April 2013

New Study Shows Not All Teens That Screen Positive for Depression Need Treatment

In response to the growing number of teen suicides, the U.S. Prevention Task Force recommends that family doctors routinely screen teenagers for depression. This step helps to identify teens experiencing depression that might otherwise go undetected. But a new research study published in Pediatrics suggests that individuals should react with caution to the results of the first screening.

According to the 2008 to 2010 National Surveys on Drug Use and Health, an annual average of 1.4 million girls aged 12 to 17 (12%) experienced a major depressive episode in the past year—a rate nearly three times that of their male peers (4.5%). But not everyone who rates high on the screening test will stay depressed.

Dr. Laura Richardson, MD, of Seattle Children’s Research Institute led the study that followed more than a hundred teens, ages 13 to 17, that had a positive score on the depression screening test PHQ-9. “A lot of kids who have an initial positive screen for depression get better without active treatment,” notes Dr. Richardson. “Up to half of the adolescents in the study who screened positive for depression did not have a positive screen result when we tested them six weeks later.”

The study shows the important role that research plays in challenging the traditional medical mindset that all depressed people need a prescription. Parents should be advised that it is safe to hold back until they know for sure that the depression will not pass with time. “Watchful waiting” is the recommendation in most situations. “That might mean checking in every other week with your family doctor,” said Dr. Richardson. “Between these visits, parents should talk with the teenager about what is going on in their lives, help them problem solve any issues that are causing them distress, and most importantly encourage them to get sleep, good nutrition and stay active.” In her practice, Dr. Richardson encourages the parents to motivate from the sidelines, but the young person has important input about their treatment. The teen sets the goals and works with the doctor on a plan to achieve them.

What started as a research study has developed into a new way of treatment that requires the doctor to use listening skills instead of pharmaceutical drugs. “Primary care doctors and other clinicians need to ask the patient ‘What do you think would be helpful for you? And what are you interested in changing?’” Dr. Richardson says. “Then help the young person come up with a plan.” It might take more time at office visits but this method of treatment has been proven to help kids without involving medication.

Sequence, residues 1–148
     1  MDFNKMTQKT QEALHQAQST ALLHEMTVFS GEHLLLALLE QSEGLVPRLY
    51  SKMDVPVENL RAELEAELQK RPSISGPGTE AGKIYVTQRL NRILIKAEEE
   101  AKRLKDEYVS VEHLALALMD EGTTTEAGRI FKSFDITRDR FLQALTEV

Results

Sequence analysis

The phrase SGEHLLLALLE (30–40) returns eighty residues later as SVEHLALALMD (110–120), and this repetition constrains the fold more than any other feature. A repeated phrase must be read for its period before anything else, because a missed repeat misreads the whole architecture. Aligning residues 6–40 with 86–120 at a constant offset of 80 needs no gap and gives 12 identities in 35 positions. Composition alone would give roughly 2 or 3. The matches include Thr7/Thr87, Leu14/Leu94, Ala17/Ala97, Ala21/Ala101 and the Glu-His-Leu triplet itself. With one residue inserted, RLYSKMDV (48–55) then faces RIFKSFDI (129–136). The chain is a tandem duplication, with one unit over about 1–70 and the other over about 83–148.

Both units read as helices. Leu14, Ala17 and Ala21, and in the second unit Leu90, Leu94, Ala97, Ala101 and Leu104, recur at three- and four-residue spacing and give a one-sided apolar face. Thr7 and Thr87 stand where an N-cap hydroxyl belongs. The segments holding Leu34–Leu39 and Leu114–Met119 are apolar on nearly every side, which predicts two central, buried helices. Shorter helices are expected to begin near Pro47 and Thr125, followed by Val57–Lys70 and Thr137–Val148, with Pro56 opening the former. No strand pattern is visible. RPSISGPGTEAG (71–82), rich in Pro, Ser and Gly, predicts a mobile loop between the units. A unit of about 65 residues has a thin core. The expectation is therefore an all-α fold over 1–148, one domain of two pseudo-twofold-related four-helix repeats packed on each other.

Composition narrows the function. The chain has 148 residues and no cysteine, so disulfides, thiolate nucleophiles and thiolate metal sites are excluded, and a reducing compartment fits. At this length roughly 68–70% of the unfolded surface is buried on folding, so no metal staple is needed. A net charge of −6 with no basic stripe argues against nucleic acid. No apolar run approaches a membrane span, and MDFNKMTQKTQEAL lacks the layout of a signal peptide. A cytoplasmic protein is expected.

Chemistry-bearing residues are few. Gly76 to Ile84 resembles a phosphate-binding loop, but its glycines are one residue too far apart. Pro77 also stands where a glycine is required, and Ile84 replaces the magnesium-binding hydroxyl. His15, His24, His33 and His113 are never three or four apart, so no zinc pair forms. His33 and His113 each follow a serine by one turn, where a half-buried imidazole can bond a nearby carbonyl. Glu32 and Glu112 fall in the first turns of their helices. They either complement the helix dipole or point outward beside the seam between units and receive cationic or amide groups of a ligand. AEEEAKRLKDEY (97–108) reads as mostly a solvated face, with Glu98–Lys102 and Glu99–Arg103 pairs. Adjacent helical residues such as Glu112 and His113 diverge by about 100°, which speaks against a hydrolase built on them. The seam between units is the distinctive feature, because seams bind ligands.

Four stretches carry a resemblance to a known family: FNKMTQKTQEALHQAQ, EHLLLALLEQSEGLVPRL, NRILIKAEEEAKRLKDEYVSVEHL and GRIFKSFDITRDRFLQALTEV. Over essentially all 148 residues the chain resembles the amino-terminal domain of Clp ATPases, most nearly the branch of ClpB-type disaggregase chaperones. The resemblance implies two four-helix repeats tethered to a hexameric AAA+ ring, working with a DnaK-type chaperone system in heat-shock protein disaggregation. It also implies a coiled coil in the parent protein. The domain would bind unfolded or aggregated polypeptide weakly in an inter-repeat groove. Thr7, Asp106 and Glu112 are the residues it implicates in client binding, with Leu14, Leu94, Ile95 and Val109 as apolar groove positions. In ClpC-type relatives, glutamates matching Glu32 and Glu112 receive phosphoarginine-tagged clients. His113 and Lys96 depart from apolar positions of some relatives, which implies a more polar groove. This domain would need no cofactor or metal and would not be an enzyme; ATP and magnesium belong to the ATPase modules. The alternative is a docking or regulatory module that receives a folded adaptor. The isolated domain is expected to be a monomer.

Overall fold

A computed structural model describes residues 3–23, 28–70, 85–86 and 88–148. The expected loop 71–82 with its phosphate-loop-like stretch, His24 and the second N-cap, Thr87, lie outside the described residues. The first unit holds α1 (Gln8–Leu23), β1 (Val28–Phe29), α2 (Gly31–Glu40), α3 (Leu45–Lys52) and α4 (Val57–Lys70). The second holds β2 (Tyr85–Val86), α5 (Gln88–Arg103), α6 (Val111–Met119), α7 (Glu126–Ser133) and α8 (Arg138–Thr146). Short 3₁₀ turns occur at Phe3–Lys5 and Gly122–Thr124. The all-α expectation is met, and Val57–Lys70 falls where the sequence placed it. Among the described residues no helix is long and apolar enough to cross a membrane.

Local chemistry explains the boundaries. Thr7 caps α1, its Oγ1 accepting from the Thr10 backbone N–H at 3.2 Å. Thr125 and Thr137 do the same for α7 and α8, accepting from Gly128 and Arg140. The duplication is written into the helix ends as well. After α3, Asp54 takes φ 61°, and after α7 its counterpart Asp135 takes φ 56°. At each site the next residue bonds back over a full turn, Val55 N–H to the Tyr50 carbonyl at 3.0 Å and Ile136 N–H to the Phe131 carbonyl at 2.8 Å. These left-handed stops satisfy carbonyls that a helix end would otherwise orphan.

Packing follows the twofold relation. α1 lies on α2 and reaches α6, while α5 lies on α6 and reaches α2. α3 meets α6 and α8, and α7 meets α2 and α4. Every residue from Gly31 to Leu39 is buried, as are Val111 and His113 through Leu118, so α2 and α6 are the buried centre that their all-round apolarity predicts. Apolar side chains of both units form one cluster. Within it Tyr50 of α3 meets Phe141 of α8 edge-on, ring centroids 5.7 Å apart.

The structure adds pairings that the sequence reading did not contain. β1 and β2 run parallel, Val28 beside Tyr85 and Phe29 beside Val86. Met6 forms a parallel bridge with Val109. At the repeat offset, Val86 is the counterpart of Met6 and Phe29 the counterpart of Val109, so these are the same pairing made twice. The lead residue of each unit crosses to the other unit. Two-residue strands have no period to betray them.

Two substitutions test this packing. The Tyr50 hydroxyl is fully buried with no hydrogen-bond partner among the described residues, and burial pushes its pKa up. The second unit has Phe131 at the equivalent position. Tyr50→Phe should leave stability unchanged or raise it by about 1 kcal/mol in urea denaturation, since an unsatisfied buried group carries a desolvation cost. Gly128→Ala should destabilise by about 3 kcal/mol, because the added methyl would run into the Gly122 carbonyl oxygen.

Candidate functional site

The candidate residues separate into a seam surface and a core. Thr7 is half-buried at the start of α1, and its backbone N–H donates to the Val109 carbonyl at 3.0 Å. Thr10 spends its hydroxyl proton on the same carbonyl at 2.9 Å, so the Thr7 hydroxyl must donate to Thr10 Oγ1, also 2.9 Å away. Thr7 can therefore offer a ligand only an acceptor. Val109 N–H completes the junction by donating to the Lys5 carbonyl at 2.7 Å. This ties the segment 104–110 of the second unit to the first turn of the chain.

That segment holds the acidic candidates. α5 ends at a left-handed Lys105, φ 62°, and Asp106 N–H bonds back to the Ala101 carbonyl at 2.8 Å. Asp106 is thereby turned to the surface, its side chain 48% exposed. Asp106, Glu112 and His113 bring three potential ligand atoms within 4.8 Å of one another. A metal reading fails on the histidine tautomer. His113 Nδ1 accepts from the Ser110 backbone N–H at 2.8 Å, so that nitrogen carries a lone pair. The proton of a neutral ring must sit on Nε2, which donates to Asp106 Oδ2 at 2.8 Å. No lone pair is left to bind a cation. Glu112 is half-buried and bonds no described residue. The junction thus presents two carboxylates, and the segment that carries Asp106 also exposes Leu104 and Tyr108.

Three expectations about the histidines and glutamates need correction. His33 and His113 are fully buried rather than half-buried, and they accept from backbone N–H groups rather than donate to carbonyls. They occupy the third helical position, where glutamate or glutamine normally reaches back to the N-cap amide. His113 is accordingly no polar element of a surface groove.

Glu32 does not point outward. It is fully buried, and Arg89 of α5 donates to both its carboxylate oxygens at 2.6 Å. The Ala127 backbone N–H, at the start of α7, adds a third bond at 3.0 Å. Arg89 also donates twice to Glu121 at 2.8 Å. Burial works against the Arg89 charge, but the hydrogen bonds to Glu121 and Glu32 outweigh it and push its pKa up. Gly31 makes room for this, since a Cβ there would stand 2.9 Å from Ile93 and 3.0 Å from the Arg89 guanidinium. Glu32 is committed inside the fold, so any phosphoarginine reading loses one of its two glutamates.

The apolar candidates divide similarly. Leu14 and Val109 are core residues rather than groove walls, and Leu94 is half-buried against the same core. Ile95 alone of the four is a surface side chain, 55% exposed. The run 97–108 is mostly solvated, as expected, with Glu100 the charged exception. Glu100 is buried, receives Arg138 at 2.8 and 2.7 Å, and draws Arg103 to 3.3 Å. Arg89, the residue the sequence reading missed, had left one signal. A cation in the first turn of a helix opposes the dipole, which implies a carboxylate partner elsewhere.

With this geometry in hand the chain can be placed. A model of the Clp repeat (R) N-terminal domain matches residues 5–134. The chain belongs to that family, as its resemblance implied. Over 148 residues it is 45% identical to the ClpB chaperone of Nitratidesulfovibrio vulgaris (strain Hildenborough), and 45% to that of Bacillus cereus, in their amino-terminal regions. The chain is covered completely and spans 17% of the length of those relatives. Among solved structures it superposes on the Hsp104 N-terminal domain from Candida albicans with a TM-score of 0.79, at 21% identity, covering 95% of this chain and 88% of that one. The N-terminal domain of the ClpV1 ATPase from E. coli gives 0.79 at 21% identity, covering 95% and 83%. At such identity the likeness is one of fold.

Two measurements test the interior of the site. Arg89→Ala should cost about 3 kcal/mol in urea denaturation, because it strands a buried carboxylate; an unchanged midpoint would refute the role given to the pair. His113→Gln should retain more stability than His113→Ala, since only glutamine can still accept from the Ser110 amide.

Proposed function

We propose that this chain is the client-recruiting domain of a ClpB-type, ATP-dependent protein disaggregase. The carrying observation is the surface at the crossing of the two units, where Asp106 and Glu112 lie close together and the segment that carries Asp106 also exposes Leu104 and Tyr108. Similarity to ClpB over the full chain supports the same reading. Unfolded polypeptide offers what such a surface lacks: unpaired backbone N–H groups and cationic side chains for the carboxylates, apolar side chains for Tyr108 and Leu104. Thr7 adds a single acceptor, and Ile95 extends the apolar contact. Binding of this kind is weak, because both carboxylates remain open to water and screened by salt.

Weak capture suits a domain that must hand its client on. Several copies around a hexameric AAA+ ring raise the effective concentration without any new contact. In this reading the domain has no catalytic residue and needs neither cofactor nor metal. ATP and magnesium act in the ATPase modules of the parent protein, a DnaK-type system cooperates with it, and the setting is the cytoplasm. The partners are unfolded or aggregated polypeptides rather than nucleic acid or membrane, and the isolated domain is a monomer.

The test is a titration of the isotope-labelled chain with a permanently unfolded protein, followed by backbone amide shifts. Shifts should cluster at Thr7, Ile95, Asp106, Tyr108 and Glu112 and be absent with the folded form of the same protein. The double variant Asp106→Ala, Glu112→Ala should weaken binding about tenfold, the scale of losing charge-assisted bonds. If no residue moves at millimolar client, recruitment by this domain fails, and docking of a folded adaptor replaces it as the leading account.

Remote Roundup

WeSearchTogether connects you to studies you can do from anywhere—no travel required! Check out the latest remote-participation studies:

Understanding Factors Involved in Self-Injury Among LGBTQ Individuals
Researchers want to hear about the individual experiences of LGBTQ individuals, whether or not they involve self-injury, as a way of helping to understand this important health issue among LGBTQ populations. Participants will complete a survey online, and information gathered from the survey will help researchers understand how to best support LGBTQ individuals.

Facebook Study
How does logging on to a social networking site affect your mental health? Researchers want to learn about the relationship between Facebook use, emotions, and behaviors in people with and without depression. Study participants will participate in interviews and surveys, and will give researchers access to their Facebook walls. Participants can receive up to $80 for their time.

Feelings in the Family Study
Researchers want to know how family members get along when a parent experiences depressive feelings. This study is looking for mothers who are experiencing depressive feelings and who have at least one child between the ages of 6 and 12. Participants will answer questionnaires by mail and be interviewed over the phone. They’ll be paid $25 for their time.

Romantic Relationships and Bipolar Disorder
Do romantic partners help you stay well while managing bipolar disorder or do they sometimes get in the way? Whether you’re single, dating, or married, this study invites you to share your relationship stories through an online survey. Your stories will shape tools for fostering supportive romantic relationships for others who are living with bipolar disorder. 

A Study of Internet Education and Social Support for Mothers with a Mental Illness
This study seeks to test the effectiveness of a program designed to support mothers with serious mental illness. Moms enrolled will complete online surveys, and some will participate in an online parenting course and email support group. Other moms will participate in an online course about healthy lifestyles.

An Internet Survey of People with Bipolar Disorder who Practice Yoga
Does yoga keep you fit and focused or do you topple over in downward dog? This study is interested in understanding both positive and negative experiences with yoga amongst individuals with bipolar disorder.

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